controlling the switching operation of the switch by using the first signal; and
detecting levels of the output signal, a second signal flowing through the switch, and the first signal, and controlling a burst mode according to the detection results.

17. The driving method of claim 16, wherein the controlling of the burst mode comprises:

detecting the second signal, and detecting a first time where the second signal is the same as a first reference value;
detecting a second time where the first signal is the same as a first threshold value; and
comparing the first and the second time and determining whether a burst mode started.

18. The driving method of claim 17, wherein, the determining of whether the burst mode is started comprises:

starting the burst mode when the first time precedes the second time.

19. The driving method of claim 18, further comprising finishing the burst mode when a signal corresponding to the output signal is decreased.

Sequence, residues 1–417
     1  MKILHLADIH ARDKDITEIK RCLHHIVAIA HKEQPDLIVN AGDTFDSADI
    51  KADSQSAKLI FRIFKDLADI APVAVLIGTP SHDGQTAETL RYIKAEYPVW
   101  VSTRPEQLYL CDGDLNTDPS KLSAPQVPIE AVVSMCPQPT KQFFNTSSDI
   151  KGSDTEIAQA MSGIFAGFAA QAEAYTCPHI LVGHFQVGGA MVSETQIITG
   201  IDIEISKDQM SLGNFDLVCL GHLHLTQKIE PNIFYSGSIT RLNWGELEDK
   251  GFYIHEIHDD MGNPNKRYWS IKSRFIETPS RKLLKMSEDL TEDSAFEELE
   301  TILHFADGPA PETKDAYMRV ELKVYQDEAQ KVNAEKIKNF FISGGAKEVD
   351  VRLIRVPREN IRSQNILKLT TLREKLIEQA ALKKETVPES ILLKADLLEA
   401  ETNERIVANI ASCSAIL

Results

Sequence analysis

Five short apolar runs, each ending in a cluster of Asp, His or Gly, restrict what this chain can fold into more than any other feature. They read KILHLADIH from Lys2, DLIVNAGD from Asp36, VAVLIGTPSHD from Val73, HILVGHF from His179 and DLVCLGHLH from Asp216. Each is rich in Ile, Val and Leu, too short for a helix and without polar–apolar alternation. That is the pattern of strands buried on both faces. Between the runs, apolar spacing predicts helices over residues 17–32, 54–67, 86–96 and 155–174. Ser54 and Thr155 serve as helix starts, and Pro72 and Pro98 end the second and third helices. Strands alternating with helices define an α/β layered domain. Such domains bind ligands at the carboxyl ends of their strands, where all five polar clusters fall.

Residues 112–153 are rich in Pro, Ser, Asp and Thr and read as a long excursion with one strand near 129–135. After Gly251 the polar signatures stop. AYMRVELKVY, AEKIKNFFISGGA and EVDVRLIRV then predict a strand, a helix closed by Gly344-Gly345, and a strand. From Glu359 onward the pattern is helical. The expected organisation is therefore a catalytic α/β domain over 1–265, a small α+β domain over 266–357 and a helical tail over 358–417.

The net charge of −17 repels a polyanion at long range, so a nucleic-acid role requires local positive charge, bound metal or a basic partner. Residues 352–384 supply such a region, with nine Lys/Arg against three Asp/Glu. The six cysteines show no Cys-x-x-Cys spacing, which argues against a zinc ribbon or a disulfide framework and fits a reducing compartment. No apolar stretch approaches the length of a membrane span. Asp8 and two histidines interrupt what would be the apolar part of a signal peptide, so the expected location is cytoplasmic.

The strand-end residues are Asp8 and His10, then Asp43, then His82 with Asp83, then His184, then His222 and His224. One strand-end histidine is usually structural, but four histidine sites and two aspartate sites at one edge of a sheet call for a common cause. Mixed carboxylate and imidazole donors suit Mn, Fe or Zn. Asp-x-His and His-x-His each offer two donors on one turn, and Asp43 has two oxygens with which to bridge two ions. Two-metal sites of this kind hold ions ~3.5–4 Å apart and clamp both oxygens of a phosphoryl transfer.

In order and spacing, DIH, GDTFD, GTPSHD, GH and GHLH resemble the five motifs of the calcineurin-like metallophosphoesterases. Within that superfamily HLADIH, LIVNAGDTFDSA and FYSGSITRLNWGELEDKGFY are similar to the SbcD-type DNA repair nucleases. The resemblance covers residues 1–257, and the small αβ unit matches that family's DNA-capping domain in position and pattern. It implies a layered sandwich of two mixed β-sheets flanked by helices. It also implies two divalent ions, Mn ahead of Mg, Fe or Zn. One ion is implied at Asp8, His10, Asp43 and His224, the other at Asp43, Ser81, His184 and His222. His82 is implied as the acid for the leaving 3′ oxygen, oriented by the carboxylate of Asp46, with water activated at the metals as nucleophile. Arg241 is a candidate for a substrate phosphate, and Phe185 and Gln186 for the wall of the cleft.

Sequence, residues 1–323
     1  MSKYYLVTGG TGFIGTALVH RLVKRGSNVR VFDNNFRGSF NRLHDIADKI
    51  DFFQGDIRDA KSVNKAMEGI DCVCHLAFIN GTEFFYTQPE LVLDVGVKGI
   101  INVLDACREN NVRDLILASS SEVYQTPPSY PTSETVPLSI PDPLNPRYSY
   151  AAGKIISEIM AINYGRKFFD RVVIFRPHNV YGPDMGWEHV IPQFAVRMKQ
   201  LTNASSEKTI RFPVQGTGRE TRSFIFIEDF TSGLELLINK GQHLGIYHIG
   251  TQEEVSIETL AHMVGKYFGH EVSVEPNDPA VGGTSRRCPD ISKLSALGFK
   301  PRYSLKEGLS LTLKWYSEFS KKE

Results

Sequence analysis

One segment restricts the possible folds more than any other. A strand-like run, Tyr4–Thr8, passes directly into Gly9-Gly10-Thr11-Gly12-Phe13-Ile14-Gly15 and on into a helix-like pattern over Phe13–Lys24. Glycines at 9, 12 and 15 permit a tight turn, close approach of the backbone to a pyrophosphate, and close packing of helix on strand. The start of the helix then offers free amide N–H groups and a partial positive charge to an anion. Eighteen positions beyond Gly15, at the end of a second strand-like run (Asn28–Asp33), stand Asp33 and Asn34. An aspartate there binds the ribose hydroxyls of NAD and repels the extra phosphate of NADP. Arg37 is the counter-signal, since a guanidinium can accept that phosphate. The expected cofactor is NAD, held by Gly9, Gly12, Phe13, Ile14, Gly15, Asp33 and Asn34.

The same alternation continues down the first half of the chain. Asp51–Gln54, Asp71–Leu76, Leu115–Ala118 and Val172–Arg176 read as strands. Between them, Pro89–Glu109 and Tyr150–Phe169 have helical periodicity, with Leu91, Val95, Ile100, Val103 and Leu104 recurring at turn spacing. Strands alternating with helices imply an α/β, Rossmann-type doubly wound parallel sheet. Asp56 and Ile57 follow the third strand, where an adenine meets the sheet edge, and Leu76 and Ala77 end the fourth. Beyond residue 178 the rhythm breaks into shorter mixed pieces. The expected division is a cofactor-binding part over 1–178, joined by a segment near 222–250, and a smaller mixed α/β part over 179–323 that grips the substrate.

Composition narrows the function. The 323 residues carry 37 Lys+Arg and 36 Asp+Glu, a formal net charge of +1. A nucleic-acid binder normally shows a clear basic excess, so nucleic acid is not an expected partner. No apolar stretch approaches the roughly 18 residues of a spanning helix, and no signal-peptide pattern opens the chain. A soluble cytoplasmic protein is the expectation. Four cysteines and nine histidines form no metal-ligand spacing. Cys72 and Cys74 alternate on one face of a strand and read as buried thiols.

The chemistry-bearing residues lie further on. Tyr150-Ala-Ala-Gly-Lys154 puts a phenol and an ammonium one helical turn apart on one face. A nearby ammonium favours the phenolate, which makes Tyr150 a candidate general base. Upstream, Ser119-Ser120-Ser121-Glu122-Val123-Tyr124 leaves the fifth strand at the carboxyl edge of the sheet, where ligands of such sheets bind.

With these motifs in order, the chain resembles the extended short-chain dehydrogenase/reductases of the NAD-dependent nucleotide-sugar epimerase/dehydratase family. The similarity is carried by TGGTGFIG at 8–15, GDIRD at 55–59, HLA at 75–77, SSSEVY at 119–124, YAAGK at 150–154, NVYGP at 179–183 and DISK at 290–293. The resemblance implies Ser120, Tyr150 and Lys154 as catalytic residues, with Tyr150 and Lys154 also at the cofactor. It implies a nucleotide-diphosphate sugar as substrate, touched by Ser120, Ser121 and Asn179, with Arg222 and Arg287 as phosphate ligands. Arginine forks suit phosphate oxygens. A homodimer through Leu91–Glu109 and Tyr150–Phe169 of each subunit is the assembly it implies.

20. The driving method of claim 17, wherein the first threshold value has a level that is lower than that of the first signal at a first time where the second signal is the same as the first reference value when the converter is in a light load state.

Patent History

Publication number: 20090251926
Type: Application
Filed: Jul 25, 2008
Publication Date: Oct 8, 2009
Patent Grant number: 8115466
Inventors: Hang-Seok Choi (Gunpo-city), Young-Bae Park (Anyang-city), Jae-Hwoan Chi (Seoul), Gwan-Bon Koo (Bucheon-city)
Application Number: 12/220,769

Classifications

Current U.S. Class: Having Transistorized Inverter (363/16)
International Classification: H02M 3/335 (20060101);